Combining Philosophers

Ideas for Anon (Dan), Antisthenes (Ath) and Paul Horwich

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5 ideas

3. Truth / H. Deflationary Truth / 1. Redundant Truth
The redundancy theory cannot explain inferences from 'what x said is true' and 'x said p', to p [Horwich]
     Full Idea: The redundancy theory is unable to account for the inference from "Oscar's claim is true" and "Oscar's claim is that snow is white" to "the proposition 'that snow is white' is true", and hence to "snow is white".
     From: Paul Horwich (Truth (2nd edn) [1990], Ch.2.9)
     A reaction: Earlier objections appealed to the fact that the word 'true' seemed to have a use in ordinary speech, but this seems a much stronger one. In general, showing the role of a term in making inferences pins it down better than ordinary speech does.
3. Truth / H. Deflationary Truth / 2. Deflationary Truth
Horwich's deflationary view is novel, because it relies on propositions rather than sentences [Horwich, by Davidson]
     Full Idea: Horwich's brave and striking move is to make the primary bearers of truth propositions - not exactly a new idea in itself, but new in the context of a serious attempt to defend deflationism.
     From: report of Paul Horwich (Truth (2nd edn) [1990]) by Donald Davidson - The Folly of Trying to Define Truth p.30
     A reaction: Davidson rejects propositions because they can't be individuated, but I totally accept propositions. I'm puzzled why this would produce a deflationist theory, since I think it points to a much more robust view.
Truth is a useful concept for unarticulated propositions and generalisations about them [Horwich]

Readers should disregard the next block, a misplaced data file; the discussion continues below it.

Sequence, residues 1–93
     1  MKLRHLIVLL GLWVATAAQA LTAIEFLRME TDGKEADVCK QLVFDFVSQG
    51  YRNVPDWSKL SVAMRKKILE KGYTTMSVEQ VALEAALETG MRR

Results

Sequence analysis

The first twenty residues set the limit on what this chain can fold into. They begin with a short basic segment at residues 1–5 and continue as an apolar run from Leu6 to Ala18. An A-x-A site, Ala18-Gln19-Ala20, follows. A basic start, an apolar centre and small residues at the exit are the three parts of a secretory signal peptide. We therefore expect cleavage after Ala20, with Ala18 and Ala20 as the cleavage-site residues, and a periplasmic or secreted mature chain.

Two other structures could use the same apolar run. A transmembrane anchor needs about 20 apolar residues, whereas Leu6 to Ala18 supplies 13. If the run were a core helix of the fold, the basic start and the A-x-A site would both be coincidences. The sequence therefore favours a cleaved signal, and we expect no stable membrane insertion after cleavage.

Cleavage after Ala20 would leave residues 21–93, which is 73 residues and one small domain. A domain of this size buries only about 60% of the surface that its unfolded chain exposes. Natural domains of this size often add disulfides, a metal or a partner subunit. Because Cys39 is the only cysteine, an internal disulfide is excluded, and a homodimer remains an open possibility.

Full Idea: All uses of the truth predicate are explained by the hypothesis that its entire raison d'Ítre is to help us say things about unarticulated propositions, and in particular to express generalisations about them.
     From: Paul Horwich (Truth (2nd edn) [1990], Concl)
     A reaction: This certain is a very deflationary notion of truth. Articulated propositions are considered to stand on their own two feet, without need of 'is true'. He makes truth sound like a language game, though. Personally I prefer to mention reality.
No deflationary conception of truth does justice to the fact that we aim for truth [Horwich]
     Full Idea: It has been suggested that no deflationary conception of truth could do justice to the fact that we aim for the truth.
     From: Paul Horwich (Truth (2nd edn) [1990], Ch.2.11)
     A reaction: (He mentions Dummett and Wright). People don't only aim for it - they become very idealistic about it, and sometimes die for it. Personally I think that any study of truth should use as its example police investigations, not philosophical analysis.
The deflationary picture says believing a theory true is a trivial step after believing the theory [Horwich]
     Full Idea: According to the deflationary picture, believing that a theory is true is a trivial step beyond believing the theory.
     From: Paul Horwich (Truth (2nd edn) [1990], Ch.2.17)
     A reaction: What has gone wrong with this picture is that you cannot (it seems to me) give a decent account of belief without mentioning truth. To believe a proposition is to hold it true. Hume's emotional account (Idea 2208) makes belief bewildering.